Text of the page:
I don't like to throw away an old computer unless it truly no longer works. A computer might not work any more for a specific purpose, but as long as it can still do something, I try to find a use for it. In fact, if I have a good idea floating around in my head, I'll even look out for inexpensive older desktop computers and laptops on places like Craigslist, take them home, reformat them, and put them to some specific use. Back in the day, I also used to go to public sales at the local university where they sold outdated computers, buying them for these kinds of specific purposes.
This is a great way to take something out of your closet that's just gathering dust and is probably on its way to the landfill and turn it into something useful again. There are many, many uses for old PC hardware that go beyond writing an email or checking a website.
Here are 10 great uses for old computers, laptops, and tablets.
A computer in the kitchen is a great tool for looking up recipes and listening to streaming audio while cooking. It's a purpose that's wonderfully suited for an older tablet computer or an old laptop or even an old desktop if you have an off-counter place to store the hardware and have a few longer cords to use.
Simply wipe the computer and start from scratch with a basic operating system on it, then put a few applications on there like Paprika and AllRecipes for recipe research, Kindle if you have some cookbooks in Kindle format, and some audio apps like Spotify and a podcast manager.
A great setup for this would be an older iPad with these apps and a pair of Bluetooth speakers. Simply run a power cord to that old iPad, set it up so that it's standing (perhaps using an old cover, if you have one), and put some inexpensive Bluetooth speakers in your kitchen that the iPad is always connected to. Fire up a music or podcast player and get some audio running in your kitchen, then look up a recipe. Sit the iPad off to the side so that you can see the recipe while preparing the meal and enjoy the audio that's streaming from the iPad.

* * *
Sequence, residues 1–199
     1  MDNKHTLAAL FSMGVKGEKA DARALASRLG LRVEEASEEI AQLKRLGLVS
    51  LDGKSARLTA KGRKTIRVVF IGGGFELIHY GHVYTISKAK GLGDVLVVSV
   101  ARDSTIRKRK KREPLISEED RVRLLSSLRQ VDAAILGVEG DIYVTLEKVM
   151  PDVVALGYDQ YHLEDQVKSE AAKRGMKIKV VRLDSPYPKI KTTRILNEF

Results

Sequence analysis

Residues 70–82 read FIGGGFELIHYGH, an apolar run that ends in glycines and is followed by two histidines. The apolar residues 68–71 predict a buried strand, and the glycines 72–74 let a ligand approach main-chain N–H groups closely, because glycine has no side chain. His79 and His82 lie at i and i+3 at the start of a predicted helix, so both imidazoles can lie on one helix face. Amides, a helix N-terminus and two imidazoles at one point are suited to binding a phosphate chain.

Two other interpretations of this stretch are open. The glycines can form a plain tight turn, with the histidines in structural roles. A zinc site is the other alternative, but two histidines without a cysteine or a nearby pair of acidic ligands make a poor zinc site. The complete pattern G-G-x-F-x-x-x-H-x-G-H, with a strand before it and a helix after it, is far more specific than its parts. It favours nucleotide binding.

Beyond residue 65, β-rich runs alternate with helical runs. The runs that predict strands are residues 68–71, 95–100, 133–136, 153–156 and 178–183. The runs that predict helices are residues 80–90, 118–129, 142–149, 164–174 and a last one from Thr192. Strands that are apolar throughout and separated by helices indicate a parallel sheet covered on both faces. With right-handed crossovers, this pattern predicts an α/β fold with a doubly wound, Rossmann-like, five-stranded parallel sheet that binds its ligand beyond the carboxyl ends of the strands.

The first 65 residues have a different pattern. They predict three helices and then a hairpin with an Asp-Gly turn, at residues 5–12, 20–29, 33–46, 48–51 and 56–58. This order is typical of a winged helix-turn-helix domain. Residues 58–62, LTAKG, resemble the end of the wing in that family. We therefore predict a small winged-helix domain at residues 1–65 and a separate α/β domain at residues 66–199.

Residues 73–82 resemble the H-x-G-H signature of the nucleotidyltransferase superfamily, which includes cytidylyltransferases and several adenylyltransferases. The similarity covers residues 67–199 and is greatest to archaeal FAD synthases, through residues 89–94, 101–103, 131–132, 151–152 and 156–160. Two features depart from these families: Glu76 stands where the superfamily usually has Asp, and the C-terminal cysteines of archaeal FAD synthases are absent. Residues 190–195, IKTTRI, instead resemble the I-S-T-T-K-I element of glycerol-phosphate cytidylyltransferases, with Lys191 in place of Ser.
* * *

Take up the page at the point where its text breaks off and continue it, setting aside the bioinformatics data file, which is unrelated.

If you have an old desktop computer that you can stick at a desk in an out-of-the-way corner, or you have an old laptop, you can simply reinstall a very basic version of Windows, install a bunch of security updates, and set it up so that it can be easily used by guests for things like checking email or social media or looking up websites.
Personally, I find that this is a perfect use for Linux, as it can run on very old hardware and it can provide a secure, Windows-like environment for people to do basic web browsing and web-based email checking. Zorin is a wonderful free place to start if you want to try this out, as it's intended to be as much like Windows as possible. If you want something that emulates a Mac really well, try Elementary OS. (More on this later.)
Here's a great guide for setting up a guest account on a computer of almost any kind.
Try Out Linux (or Another OS)
If you've ever wanted to try out an alternative to Windows on a PC, an old PC is a perfect place to do it. You can simply wipe out the operating system and install something new in its place.
There are a lot of alternatives to Windows out there. I'm a particularly big fan of Ubuntu Linux as a starting point, but Zorin is another good option if you're coming from Windows, or Elementary OS if you're coming from a Mac.
What's the advantage to even trying another OS? They're free. The options above, at least, are very stable. It's very secure unless you're trying to do something specifically with it that makes it less secure. If you're trying to learn how to program a computer, it's a brilliant environment for that, as it usually has everything you need to learn a bunch of computer languages.
Another great option is to turn your old PC into a home entertainment center. Windows does this extremely well - the Windows Store allows you to download apps for all kinds of streaming media and then displays them on a menu that's really easy to navigate with a remote. The only thing you'll probably need is a Bluetooth remote control and possibly a cable or two, though having a keyboard and a mouse attached to the computer might be useful sometimes, too.